Value ETFs: Not as Dead as Previously Believed | ETF Trends

Once again, there has been plenty of discussion regarding the fate of value stocks and the related ETFs, including the SPDR Portfolio S&P 500 Value ETF (NYSEArca: SPYV), this year.

Several months ago, it appeared as though there was a legitimate rotation into value taking place, but as markets rebounded, some of value’s momentum waned. Or did it? SPYV is up 20% year-to-date and hit an all-time on Tuesday, prompting some market observers to say the value factor has not performed as poorly this year as some investors have been led to believe.

SPYV’s underlying index “contains stocks that exhibit the strongest value characteristics based on: book value to price ratio; earnings to price ratio; and sales to price ratio,” according to State Street.

There has been plenty of speculation regarding when value stocks will finally start outperforming growth names in earnest. Much of that chatter is attributable to growth’s lengthy out-performance of value. For nearly the entirety of the recent U.S. bull market, growth stocks and ETFs have bested their value rivals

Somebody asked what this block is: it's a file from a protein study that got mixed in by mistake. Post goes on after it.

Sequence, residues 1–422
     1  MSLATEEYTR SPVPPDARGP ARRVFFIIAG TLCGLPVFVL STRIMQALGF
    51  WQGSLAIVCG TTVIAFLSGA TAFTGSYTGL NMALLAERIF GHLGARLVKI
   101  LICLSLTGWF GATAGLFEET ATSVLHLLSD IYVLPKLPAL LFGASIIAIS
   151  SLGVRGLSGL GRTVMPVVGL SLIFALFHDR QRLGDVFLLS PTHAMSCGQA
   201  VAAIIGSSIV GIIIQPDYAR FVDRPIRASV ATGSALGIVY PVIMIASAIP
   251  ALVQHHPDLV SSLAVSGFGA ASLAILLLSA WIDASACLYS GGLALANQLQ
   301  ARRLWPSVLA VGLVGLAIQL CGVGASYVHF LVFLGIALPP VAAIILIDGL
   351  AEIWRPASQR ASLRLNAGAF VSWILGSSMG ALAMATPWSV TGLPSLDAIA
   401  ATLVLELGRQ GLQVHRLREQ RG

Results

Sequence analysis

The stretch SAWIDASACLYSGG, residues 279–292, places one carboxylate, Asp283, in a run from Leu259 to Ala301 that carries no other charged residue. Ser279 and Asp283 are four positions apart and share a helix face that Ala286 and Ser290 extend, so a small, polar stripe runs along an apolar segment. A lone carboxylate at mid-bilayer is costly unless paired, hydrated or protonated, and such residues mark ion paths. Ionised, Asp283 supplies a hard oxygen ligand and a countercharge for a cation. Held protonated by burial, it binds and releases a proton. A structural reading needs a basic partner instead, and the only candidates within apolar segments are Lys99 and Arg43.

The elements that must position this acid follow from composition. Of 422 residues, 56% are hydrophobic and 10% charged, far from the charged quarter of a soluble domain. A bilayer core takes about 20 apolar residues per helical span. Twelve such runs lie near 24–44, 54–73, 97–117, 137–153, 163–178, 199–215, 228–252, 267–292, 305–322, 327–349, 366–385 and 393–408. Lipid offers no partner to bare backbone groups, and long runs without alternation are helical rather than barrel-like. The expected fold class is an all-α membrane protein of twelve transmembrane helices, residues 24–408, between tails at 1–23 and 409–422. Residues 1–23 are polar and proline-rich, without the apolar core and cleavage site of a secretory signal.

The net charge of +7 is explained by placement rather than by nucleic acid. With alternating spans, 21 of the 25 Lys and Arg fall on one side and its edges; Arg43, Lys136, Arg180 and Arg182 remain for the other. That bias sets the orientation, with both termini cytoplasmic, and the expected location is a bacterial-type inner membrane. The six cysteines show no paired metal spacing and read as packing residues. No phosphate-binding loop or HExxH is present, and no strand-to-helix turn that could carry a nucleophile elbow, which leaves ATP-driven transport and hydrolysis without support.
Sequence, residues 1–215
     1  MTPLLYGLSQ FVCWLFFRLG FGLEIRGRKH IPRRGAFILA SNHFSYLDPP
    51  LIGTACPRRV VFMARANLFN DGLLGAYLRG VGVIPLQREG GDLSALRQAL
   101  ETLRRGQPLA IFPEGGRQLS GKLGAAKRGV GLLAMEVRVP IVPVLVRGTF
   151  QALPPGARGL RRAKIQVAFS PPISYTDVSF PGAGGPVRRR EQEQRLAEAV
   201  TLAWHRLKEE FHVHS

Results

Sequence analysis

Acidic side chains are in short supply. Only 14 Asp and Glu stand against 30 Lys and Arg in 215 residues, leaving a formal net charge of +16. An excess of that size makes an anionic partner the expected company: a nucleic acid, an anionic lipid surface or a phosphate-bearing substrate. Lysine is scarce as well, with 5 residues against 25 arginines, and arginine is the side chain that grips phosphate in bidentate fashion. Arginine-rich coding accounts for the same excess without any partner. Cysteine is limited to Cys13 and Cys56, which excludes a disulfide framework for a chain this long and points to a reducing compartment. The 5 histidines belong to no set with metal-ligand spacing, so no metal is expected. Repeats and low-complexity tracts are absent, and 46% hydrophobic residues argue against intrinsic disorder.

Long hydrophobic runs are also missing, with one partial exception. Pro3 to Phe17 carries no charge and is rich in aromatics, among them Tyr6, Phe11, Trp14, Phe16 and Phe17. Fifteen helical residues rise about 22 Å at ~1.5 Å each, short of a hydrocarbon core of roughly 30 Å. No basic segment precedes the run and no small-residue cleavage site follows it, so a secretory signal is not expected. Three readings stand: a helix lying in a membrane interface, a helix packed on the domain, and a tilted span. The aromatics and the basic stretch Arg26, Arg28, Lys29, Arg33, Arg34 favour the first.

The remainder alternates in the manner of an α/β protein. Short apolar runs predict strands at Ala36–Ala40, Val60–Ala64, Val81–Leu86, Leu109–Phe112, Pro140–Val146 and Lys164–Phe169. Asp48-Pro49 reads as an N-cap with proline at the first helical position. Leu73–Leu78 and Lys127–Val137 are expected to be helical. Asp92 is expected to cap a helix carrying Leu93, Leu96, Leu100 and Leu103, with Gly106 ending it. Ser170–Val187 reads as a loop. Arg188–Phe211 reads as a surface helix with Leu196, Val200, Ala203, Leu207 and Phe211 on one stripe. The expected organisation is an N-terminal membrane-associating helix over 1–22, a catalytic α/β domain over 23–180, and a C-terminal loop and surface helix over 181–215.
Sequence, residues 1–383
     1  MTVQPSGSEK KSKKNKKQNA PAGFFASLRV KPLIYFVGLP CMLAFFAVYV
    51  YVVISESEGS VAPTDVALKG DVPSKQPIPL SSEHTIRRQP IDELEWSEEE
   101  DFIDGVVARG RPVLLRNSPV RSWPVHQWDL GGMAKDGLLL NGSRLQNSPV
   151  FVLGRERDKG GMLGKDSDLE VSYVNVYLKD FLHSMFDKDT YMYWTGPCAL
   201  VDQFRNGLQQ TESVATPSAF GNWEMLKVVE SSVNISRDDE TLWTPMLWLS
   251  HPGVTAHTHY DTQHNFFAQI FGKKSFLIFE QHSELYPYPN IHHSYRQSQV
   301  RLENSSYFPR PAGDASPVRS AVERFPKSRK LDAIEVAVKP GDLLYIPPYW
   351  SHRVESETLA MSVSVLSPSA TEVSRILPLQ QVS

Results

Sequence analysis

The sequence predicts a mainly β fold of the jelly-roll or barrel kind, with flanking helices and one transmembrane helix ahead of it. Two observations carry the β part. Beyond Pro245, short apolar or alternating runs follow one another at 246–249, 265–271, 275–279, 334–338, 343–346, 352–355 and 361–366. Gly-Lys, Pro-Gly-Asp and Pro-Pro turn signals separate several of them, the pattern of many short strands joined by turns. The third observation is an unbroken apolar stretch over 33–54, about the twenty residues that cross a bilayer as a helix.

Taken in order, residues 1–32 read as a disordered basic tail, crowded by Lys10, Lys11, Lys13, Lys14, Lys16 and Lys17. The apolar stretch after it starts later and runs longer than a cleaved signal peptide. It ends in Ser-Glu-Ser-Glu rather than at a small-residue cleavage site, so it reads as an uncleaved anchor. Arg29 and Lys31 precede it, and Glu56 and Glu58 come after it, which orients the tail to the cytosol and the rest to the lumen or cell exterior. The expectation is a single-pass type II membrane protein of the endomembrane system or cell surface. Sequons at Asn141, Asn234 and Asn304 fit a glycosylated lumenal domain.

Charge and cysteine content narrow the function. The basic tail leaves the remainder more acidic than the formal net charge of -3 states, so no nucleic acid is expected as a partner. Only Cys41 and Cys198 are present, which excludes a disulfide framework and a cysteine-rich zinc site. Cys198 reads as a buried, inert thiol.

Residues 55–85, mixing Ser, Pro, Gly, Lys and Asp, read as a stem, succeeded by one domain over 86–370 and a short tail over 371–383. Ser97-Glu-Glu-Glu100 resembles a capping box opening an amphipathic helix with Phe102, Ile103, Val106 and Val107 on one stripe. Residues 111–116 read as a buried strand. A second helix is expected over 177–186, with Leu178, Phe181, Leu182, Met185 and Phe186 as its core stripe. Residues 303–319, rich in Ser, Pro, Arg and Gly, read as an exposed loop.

“To wit, the S&P 500 Value Index jumped Tuesday to an all-time high, bringing its total return since global markets bottomed in 2009 to over 400%,” according to Bloomberg. “That’s behind the 492% rally in its growth counterpart, made up of companies seen with potential for faster sales or profits. Still, for anyone who has stayed invested, the returns are hard to frame as awful.”

Not Bad, Just Bad Against Growth

As noted above, value’s problem and that of ETFs like SPYV hasn’t been a pure performance, but rather performance when measured against growth stocks and the related funds.

However, it is not uncommon for value, or any factor for that matter, to under-perform for certain periods of time, but the length of value’s current laggard status is unusual.

“Part of the grievance stems from value’s persistent underperformance since 2017. Over the stretch, recession fears erupted periodically, crimping investor appetite for risk. In their thinking, cheap stocks are cheap for a reason, and if the economy weakens, value stocks are at danger of becoming traps,” reports Bloomberg. “Growth is therefore favored, especially companies whose sales are perceived as resilient to economic cycles such as software makers.”

Still, investors have been fond of some value ETFs in 2019. For example, SPYV has seen year-to-date inflows of $1.15 billion.

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The opinions and forecasts expressed herein are solely those of Tom Lydon, and may not actually come to pass. Information on this site should not be used or construed as an offer to sell, a solicitation of an offer to buy, or a recommendation for any product.